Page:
When you think of “welcome”, what image comes to your mind? Maybe you picture a doormat in front of someone’s house. Or maybe a “Welcome to Pennsylvania” sign when you cross into that state. My mind goes to an image we don’t see enough on the news – that is of our service men and women coming home to their families, and being received with long embraces.
Welcoming people was a big deal in the times of the Bible. That explains why there are eleven verbs in the Scriptures that can be translated as “to welcome.” In ancient times strangers depended on someone else’s hospitality. It was a basic rule that they were to be received with respect and kindness. It was also a spiritual exercise, because your guests brought something of God’s presence to you.
In the Hispanic tradition, there is a wonderful Advent tradition called “Las Posada”. The word “posada” means shelter. Adults and children take on the role of Mary and Joseph, and for nine nights prior to Christmas, they process through the neighborhood to stop at designated stations. These are homes that represent the innkeeper. At each encounter, they exchange ancient words.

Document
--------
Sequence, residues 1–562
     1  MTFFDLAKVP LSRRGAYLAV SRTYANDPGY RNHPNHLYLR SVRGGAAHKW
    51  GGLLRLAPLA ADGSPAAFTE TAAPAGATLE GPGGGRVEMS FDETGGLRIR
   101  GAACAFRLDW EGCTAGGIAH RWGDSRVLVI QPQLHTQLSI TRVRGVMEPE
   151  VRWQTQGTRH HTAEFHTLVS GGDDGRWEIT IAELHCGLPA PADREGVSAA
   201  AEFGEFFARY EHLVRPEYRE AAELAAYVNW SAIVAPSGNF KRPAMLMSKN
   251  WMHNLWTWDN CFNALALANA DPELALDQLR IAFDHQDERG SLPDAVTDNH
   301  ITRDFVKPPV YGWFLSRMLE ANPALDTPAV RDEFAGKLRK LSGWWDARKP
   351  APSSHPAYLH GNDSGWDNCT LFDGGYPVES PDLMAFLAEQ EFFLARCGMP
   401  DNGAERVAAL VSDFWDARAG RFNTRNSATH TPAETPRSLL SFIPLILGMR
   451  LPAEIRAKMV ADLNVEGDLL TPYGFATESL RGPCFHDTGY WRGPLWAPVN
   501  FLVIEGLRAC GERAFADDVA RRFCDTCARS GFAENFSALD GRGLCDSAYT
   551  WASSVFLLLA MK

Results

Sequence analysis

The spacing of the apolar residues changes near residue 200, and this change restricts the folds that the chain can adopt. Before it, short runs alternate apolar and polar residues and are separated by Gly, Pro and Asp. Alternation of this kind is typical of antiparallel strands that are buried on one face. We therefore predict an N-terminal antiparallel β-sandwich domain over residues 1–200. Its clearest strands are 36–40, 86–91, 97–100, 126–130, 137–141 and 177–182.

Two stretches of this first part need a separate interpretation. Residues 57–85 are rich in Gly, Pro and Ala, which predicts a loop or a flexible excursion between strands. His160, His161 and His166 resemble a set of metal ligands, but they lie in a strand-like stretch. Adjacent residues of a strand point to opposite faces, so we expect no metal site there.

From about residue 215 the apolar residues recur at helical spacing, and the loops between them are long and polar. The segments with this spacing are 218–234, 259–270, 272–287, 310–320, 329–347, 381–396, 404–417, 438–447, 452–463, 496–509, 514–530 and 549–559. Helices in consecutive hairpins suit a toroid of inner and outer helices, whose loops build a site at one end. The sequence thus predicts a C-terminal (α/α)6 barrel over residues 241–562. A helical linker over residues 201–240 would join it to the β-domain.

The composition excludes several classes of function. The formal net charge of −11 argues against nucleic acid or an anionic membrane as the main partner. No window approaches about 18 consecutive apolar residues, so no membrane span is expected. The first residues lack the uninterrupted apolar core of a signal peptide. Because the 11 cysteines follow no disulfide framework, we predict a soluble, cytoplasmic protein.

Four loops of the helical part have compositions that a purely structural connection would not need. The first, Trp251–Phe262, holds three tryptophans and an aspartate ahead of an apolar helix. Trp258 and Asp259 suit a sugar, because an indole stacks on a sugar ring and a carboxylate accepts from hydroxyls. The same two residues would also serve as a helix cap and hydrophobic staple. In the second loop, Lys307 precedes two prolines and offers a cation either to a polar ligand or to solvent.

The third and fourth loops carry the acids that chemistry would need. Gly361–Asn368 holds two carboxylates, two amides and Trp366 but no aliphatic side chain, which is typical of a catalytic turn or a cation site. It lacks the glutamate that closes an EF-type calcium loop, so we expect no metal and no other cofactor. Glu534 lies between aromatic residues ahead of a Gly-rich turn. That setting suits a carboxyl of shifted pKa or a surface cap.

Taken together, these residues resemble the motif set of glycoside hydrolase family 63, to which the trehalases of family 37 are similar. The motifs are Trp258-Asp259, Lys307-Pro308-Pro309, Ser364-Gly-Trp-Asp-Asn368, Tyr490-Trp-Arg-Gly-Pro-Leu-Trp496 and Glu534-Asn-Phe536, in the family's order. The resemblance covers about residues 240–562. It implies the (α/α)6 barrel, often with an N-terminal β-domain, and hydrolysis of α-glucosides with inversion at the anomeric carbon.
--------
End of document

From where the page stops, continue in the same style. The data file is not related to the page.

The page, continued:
Joseph says, “In the name of God, we ask those who dwell here to give some travelers lodging this evening.” And then, from the inside, voices say, “No, no! Move on! This is not an inn. We’re not going to open. You may turn out to be scoundrels.” Each evening the voices get louder. Then, on the 9th night, which is Christmas, the innkeeper finally opens up his stable, and his humble posada becomes the birthplace of Jesus.
St. Paul teaches us, “Welcome one another as Christ has welcomed you.” We as a parish have opened our doors and our hearts to neighbors who have come from many countries, and we are especially blessed to count with the robust contribution of a large Latino community. Our church can’t ignore the stress and strain caused to our Latino members by the government’s removal of “Temporary Protection Status” for persons from Nicaraguan, and for other nationalities to follow. Their option is now very harsh: try to survive in a hostile environment here, or return to places that are very unsafe.
For all of us, hospitality is going to mean more than just opening the church. It will call us to share our time, resources, and inner centers of care and solidarity, to stand with the most vulnerable. This is the Scriptural call that comes to us from Jesus who gave these basic spiritual and moral services the highest honor. “I was hungry, and you gave me food. I was thirsty and you gave me something to drink. I was a stranger and you welcomed me.”
In the peace of Christ,